Saturday, June 8, 2013

To The Future

So I'm a little behind on blogging, and today isn't going to be a long post either. But I've got some exciting things coming up. Two weekends ago I got the chance to interview an amazing Seattle fashion legend named Howard Blair. He was a designer who worked out of his home and made primarily wedding dresses and special occasion gowns for all kinds of fabulous women in this city. He talked to me for hours (which I recorded) and showed me some of his creations, so I'll probably have a couple posts about that coming up.

My birthday is also coming up, and it is my last in my twenties. Right now I'm going back and forth between being like, "Whatevs, being 30 next year is no big deal and still totally young," and "Augh so OOOOLLLLLLDDDDD." But I think this is normal. It is always exciting and scary to stare into the future and wonder what things will be like. In 1962 the Seattle Times asked Howard Blair to sketch something that he thought that women would wear living on the moon in the 21st century. Here is what he came up with:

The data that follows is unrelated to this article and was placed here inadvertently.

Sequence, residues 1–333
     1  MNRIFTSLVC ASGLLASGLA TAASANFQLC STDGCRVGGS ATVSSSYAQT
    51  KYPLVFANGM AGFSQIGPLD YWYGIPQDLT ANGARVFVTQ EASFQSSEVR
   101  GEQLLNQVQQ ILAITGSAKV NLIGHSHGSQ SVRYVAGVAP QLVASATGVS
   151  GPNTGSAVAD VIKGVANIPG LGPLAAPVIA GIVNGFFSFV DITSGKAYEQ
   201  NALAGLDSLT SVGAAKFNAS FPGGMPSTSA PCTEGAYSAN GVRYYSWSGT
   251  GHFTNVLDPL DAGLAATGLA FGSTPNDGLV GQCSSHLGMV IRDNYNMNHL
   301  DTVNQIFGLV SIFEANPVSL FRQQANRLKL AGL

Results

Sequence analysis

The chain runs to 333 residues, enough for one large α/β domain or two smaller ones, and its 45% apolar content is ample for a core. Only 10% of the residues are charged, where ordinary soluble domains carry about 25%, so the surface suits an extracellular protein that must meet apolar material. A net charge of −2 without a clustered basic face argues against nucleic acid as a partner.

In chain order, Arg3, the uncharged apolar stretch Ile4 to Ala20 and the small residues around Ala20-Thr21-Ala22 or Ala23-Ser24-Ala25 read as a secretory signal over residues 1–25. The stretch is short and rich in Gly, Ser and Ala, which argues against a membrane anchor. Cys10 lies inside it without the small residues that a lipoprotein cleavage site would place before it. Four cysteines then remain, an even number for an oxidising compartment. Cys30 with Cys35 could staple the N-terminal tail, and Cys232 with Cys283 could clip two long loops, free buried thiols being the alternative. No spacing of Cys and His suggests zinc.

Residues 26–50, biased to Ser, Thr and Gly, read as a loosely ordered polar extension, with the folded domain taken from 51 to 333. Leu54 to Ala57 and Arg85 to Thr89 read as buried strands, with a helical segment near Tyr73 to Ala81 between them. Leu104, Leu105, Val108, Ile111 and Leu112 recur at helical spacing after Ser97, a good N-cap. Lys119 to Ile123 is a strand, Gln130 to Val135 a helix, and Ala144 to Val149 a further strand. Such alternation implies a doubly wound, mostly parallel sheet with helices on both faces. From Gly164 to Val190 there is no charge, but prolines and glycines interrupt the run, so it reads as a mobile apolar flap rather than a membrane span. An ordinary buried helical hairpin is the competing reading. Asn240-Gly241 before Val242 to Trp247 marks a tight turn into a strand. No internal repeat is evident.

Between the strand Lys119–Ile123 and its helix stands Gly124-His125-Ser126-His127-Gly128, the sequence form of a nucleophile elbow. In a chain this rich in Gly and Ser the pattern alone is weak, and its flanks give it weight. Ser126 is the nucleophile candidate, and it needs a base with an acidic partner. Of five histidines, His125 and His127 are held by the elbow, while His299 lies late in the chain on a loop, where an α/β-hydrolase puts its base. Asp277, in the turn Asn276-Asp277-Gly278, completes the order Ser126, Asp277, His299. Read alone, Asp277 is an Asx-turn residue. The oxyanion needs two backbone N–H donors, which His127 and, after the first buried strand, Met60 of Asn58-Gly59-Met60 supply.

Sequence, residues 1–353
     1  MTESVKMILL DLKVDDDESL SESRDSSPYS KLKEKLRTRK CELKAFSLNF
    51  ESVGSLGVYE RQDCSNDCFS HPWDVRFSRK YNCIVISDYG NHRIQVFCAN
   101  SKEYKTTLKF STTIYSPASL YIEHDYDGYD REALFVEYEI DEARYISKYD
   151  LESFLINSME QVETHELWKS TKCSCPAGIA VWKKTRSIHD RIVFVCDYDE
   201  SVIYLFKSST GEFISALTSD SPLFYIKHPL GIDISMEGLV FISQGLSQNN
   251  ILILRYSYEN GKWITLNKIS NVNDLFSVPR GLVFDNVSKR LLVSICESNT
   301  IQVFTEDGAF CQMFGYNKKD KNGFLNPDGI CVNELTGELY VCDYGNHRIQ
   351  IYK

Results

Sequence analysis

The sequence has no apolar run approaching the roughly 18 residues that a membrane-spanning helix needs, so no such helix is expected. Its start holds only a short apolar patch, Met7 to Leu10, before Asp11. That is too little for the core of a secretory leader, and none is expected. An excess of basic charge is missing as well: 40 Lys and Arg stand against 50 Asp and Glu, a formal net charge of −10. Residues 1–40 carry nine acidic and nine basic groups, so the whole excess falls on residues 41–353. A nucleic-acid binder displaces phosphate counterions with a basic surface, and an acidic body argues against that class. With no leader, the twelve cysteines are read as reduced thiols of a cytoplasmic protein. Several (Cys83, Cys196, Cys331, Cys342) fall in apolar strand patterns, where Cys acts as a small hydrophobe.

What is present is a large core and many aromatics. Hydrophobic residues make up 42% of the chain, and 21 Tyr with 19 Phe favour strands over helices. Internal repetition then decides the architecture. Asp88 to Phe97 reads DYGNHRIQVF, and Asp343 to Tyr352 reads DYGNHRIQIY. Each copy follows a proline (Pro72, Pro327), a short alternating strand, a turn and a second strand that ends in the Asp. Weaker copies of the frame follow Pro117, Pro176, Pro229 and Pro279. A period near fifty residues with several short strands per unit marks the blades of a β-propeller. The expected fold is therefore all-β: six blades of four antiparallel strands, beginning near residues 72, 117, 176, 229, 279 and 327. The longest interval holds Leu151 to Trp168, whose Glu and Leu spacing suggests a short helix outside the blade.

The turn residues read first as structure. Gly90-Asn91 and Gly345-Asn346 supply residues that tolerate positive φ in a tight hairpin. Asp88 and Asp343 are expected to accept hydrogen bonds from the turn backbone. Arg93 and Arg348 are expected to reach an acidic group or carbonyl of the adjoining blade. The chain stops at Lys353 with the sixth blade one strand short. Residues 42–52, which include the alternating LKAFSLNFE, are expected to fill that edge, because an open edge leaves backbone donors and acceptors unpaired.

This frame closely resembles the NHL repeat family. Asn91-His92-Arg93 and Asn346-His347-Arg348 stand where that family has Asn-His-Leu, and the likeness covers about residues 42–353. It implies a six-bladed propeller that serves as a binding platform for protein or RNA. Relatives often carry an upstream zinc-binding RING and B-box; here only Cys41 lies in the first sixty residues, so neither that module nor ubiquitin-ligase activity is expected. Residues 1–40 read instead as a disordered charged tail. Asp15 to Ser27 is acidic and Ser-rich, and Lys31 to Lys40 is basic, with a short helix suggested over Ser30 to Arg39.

The copy reads, "Howard Blair, Seattle designer, sketched this costume as his idea of what the well-dressed woman would wear in the year 2000. The pressurized quilted pants have an inner lining that controls temperatures. Seventy-five pound weights in the heel of each shoe will keep her feet on the ground. The cape is of blue velvet and leather."

Wow. That look is FIERCE. So next time, dear readers, you find yourself feeling apprehensive about what is to come, just think of Howard Blair. He looked into the future and saw superhero fabulousness. We should too.